If you are experiencing problems downloading PDF or HTML fulltext, our helpdesk recommend clearing your browser cache and trying again. If you need help in clearing your cache, please click here . Still need help? Email email@example.com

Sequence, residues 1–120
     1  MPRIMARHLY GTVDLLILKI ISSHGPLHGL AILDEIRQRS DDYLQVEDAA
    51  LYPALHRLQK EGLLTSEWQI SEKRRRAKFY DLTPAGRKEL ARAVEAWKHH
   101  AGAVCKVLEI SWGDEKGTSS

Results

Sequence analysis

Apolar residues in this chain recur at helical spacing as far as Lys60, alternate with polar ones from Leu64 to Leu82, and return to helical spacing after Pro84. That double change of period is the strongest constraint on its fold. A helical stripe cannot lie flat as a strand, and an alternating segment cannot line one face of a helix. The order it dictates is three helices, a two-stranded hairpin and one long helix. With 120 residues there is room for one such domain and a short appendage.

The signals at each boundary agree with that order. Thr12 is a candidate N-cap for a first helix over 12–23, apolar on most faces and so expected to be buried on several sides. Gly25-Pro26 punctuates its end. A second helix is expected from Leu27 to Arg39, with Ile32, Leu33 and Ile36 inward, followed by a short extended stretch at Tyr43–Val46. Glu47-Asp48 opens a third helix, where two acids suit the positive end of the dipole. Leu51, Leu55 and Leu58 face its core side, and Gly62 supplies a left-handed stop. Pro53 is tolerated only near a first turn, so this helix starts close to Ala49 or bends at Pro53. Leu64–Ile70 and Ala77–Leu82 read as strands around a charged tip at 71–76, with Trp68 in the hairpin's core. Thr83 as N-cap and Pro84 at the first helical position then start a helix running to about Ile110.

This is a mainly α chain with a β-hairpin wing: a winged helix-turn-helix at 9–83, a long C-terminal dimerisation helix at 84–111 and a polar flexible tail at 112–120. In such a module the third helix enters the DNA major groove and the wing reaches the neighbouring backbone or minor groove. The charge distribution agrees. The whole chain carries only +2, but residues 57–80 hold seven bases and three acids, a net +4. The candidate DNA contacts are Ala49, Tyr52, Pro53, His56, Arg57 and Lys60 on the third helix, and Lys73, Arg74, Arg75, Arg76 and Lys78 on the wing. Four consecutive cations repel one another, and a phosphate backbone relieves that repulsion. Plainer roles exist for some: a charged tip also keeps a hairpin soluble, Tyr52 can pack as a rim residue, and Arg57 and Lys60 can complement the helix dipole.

Second-year Norway spruce seedlings [ Picea abies (L.) Karst.] grown in containers were divided into three fertilization levels in August [5, 15 and 25 mg nitrogen (N) seedling −1 ]. The resulting foliar concentrations of N were 11.0, 13.1 and 15.8 g kg −1 , respectively. Seedling height (mean 26.0 cm) did not differ among treatments. The next spring, the seedlings were tested in two experiments. (1) The seedlings were transplanted into pots containing sandy soil in the greenhouse, where they were fertilized with either pure water or nutrient solution (22 mg N l −1 ). (2) The outplanting performance of the autumn-fertilized seedlings was tested on a sandy field. In the greenhouse experiment, the autumn fertilization level affected height growth and root egress of the seedlings significantly, but less than fertilization with a nutrient solution after planting. In the field experiment, during the first season after transplanting shoot growth of the seedlings increased with the level of autumn fertilization. After the second and third seasons, the seedling stem volume was highest with the highest level of autumn fertilization. These results suggest that, by improving the preplanting nutrient status of seedlings, the growth of shoot, stem diameter and root biomass can be enhanced after planting, especially on nutrient-poor soils. However, heavier autumn fertilization than that used here may yield a greater and more persistent increment in growth.